Setting the Record Straight on Israel’s Deportation of Illegal Immigrants

Israel has recently announced plans to expel a number of migrants who entered the country without permission—most of them from Sudan or Eritrea via the Sinai between 2006 and 2012. Predictably the decision has raised an outcry, including from American Jewish groups. Against these critics, Emmanuel Navon explains that the deportees are not refugees, and that the deportations are in line with Western practice in general:

Like other signatories of the UN’s 1951 Refugees Convention, Israel is bound to grant refugee status to people who flee “genocide, war, persecution, and slavery to dictatorial regimes.” It did so in 1977 when it accepted Vietnamese “boat people” rejected by other countries. It has been doing so for the small percentage of African migrants who are actual asylum seekers. . . . Israel does, [for instance], consider the Sudanese from Darfur a special case, . . . which is why the Israeli government has granted temporary-resident status so far to 500 Darfur refugees, and has promised to speed up the refugee-status determination process for other Darfur refugees.

Israel could theoretically keep illegal work migrants for altruistic reasons (as advocated mainly by American Jewish groups), but the Israeli government, like any responsible and answerable government, must also take into account the well-being of its own citizens. The residents of south Tel Aviv, [where most of the immigrants settle], are the victims of rising crime rates and of deteriorating living conditions. . . . Moreover, as opposed to large and aging countries such as Germany and Japan, Israel is a small and densely populated country with high birthrates, and therefore it has neither the need nor the capacity to legalize illegal migration. . . . Israel is only expelling illegal immigrants who are single, and it has made clear that it will not expel families.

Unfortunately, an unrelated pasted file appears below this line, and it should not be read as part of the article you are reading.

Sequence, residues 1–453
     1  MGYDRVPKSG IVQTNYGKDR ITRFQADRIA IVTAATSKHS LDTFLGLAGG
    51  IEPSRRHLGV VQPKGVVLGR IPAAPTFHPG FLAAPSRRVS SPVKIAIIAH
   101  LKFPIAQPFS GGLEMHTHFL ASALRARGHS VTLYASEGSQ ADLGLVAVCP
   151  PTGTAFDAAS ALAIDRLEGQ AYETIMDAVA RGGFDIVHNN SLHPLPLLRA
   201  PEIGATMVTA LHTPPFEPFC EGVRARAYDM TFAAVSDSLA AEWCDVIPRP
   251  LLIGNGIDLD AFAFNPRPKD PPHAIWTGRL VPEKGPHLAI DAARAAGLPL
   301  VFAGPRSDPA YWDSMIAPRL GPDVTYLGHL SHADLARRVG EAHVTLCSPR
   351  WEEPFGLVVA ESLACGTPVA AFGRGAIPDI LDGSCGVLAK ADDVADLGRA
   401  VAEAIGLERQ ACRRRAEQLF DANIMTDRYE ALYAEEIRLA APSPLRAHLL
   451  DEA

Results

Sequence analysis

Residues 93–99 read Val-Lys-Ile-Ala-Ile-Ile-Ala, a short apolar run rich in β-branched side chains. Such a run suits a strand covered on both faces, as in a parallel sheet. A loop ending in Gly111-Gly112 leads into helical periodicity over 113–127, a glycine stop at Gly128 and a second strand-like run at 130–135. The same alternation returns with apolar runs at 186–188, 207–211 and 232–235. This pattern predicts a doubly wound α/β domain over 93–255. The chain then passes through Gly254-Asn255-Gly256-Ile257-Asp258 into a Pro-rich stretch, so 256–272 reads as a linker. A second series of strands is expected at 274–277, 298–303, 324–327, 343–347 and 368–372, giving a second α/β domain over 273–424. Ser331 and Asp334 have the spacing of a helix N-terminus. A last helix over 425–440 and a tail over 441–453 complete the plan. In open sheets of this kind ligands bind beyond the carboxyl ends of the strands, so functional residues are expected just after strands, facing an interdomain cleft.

Israel is far from being the only democracy that sends back illegal immigrants. The United States expels 400,000 illegal immigrants every year. Germany has been sending back illegal immigrants to Afghanistan, and Italy to Sudan. In 2017, Germany expelled 80,000 illegal immigrants. . . .

Israel is a safe haven to all Jews, as well as to non-Jewish asylum seekers who meet the criteria of the Refugee Convention—which most illegal immigrants don’t. Israel’s policy is consistent with international law and with the practice of other democracies, and it should not be judged by higher standards.

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Read more at Times of Israel

More about: Immigration, Israel & Zionism, Refugees

What Israel Can Offer Africa

Last week, the Israeli analyst Yechiel Leiter addressed a group of scholars and diplomats gathered in Addis Ababa to discuss security issues facing the Horn of Africa. Herewith, some excerpts from his speech:

Since the advent of Zionism and the birth of modern Israel, there has been a strong ideological connection between Israel and the African continent. . . . For decades, [however], the notion that the absence of peace in the Middle East was due the absence of Palestinian statehood prevented a full and strategic partnership with African countries. . . . The visits to Africa by Prime Minister Benjamin Netanyahu—in 2016 to East Africa and in 2017 to West Africa—reenergized the natural partnership that was initiated by Israel’s Foreign Minister Golda Meir in the 1960s.

There is much we share, many places where our interests converge. And I don’t mean another military base in Djibouti. . . . One such area involves the safety of waterways in and around the Red Sea. Curtailing contraband, drugs, arms smuggling, and other forms of serious corruption are all vital for us. . . . But the one critical area of cooperation I’d like to put the spotlight on is in the realm of food security, or rather food insecurity.

Imagine Ethiopia’s cows producing 30 or 40 liters of milk a day instead of the two or three that they produce today. Imagine an exponential rise in (organic) meat exports to Middle Eastern and even European countries, the result of increased processing, storage, and transportation possibilities. Cows today can have a microscopic chip behind their ears that sends messages to the farmer’s computer or mobile phone that tracks what the cow ate, what its temperature is, and what care it might need. Imagine a dramatic expansion of the wheat yield that can make Ethiopia a net exporter of wheat—to Egypt, perhaps in the context of negotiations over the waters of the Nile.

Israel has proven technology in all of these agricultural areas and we’re here; we’re neighbors. We are linked to Africa, particularly the Horn of Africa, in so many ways.

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Read more at Jerusalem Center for Public Affairs

More about: Africa, Ethiopia, Israel diplomacy, Israeli agriculture, Israeli technology